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Fix the Spade said:
Good overall design trumps any one element.
This.

Some frame brands do otherwise similar frames, in geometry, in both alu and steel. Then you might start weighing aluminum's lighter weight and "steel is real".
 

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Ragley Blue Pig and MmmBop, same exact frame but made from steel and aluminum. Mmmbop frame discontinued in the second version because the steel Blue Pig outsold it, by a far margin according to Brandt. Just saying.
 

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dumbaSS said:
Ragley Blue Pig and MmmBop, same exact frame but made from steel and aluminum. Mmmbop frame discontinued in the second version because the steel Blue Pig outsold it,
Just because it is hard to get "aluminum" to rhyme with anything... :skep: :p
 

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I ride both. I have an xc race geometry hardtail in aluminum and a am hardtail in steel. I find the steel to be more compliant. This is good, but sometimes I like the crisper feel or the aluminum frame... it is a snappier ride.

Granted as has been said, I think it is more about the geometry than the material. Find the angles that suit you best and then look for a frame. In my opionion it does not matter that much.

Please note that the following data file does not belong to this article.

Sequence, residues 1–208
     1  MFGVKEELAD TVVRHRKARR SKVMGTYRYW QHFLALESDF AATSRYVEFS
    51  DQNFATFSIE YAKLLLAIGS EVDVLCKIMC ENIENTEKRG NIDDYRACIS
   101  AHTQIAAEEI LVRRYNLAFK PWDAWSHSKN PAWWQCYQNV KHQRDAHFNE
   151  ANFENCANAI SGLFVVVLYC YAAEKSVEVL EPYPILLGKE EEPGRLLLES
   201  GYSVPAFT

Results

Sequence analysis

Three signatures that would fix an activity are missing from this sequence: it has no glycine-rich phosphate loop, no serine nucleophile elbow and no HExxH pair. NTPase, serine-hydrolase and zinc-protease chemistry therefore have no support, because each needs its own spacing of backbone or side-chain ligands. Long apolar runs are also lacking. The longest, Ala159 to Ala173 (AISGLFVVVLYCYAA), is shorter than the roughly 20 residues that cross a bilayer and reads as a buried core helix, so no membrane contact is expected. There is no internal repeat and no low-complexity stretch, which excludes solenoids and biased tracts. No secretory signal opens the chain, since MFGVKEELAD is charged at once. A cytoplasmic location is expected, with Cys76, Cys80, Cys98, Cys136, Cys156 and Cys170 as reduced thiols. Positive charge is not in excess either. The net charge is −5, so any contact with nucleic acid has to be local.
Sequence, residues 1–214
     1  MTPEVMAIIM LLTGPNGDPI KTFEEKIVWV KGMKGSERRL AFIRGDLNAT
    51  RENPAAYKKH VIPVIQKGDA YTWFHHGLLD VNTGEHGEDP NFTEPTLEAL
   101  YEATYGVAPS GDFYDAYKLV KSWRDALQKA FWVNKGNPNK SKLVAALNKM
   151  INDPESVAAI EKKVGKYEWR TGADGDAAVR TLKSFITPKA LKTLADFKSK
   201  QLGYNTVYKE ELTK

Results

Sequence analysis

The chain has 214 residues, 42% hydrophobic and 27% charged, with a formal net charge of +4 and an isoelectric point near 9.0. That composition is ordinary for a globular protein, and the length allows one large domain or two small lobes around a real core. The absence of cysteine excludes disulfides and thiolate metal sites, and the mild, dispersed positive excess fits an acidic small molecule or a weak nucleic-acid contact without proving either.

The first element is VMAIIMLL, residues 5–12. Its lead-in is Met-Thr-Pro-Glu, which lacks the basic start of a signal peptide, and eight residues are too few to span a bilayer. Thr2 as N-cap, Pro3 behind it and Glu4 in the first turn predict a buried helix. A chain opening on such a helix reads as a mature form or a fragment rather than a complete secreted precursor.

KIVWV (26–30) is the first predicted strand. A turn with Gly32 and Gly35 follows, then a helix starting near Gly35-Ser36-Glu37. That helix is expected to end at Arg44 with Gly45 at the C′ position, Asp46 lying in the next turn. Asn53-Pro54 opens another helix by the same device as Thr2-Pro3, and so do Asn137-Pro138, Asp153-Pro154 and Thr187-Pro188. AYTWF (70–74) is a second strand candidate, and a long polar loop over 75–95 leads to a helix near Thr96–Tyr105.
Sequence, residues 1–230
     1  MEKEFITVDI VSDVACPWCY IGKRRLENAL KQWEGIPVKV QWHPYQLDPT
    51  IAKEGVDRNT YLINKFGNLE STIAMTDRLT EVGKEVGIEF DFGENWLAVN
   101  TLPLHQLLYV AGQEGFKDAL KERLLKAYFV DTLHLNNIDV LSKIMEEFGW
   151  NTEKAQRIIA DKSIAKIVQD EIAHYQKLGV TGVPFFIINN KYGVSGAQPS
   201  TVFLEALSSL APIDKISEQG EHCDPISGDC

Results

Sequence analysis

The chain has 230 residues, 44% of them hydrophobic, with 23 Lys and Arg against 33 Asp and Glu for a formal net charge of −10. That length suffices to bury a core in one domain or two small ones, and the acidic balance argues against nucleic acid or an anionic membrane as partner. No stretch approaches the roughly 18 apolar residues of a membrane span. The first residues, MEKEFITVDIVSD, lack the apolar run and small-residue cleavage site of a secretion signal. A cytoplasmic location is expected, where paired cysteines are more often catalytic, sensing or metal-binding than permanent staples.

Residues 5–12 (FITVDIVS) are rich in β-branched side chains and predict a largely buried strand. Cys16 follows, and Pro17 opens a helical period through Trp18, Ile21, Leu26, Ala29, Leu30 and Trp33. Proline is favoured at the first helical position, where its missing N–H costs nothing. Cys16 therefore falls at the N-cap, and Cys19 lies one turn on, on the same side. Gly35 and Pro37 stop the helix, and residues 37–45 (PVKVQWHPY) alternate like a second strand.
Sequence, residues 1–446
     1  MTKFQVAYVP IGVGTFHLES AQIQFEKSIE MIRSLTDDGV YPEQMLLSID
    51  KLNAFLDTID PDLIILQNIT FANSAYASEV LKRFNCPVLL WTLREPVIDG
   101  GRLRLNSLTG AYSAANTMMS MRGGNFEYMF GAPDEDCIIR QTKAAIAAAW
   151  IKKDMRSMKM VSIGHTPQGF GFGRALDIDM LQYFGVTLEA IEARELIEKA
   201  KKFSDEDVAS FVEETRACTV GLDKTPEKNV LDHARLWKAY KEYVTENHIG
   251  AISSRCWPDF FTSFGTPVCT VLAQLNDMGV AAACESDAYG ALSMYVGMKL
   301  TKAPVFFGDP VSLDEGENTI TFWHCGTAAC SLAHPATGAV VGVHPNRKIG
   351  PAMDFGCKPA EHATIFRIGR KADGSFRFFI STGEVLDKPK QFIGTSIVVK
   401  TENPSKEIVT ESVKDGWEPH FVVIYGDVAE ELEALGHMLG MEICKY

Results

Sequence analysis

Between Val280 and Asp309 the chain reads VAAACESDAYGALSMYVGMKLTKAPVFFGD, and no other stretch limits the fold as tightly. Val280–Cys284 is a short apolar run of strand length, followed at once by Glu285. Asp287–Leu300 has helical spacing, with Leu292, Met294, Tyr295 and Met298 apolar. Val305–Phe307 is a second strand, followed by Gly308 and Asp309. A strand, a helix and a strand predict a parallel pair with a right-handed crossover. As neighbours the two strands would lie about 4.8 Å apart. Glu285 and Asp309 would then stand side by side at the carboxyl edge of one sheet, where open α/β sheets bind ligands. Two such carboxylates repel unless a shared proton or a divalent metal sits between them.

John
 

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I've ridden HTs in AL, Fe, Ti, and carbon. I found Al to be light and great for pedalling but too harsh on the descents. Ti was light and less harsh on the descents but could feel like a wet noodle at times, make sure the design is right with Ti. I didn't like the carbon bike I rode, it made funny noises on the descents and didn't flex when it should. I have liked all my Steel HTs, steel has a nice feel on the descents but you pay for it with weight and less pedalling efficiency.

I think steel HTs still tend to be nicer because there is more history and knowledge on what tubing to use and how to set it up. I think Carbon will be the material to watch over the next 5 years as it has more potential as builders get used to using it in DH and AM applications.
 

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dumbaSS said:
Ragley Blue Pig and MmmBop, same exact frame but made from steel and aluminum. Mmmbop frame discontinued in the second version because the steel Blue Pig outsold it, by a far margin according to Brandt. Just saying.
...and now Ragley is making the Bagger and Troof out of Fe and Al respectively. I recall that the build cost for the MmmBop was too high, which made retail too high, resulting in poor sales. Now that the Troof has goodies like ISCG mounts and a 1.5 HT, plus rec. fork length of 160mm. The Bagger is basically the same, just heavier and with a std HT.
 

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Steel vs aluminum. You should add carbon and ti in there too. For me it isn't the material it's made out of it's the purpose you intend it to be used for. If you wanna do more xc type if all mountain riding than get a light aluminum or carbon frame. Or even TI if it's in the budget. However for the more aggressive free ride, dh, or dj than I would pick steel.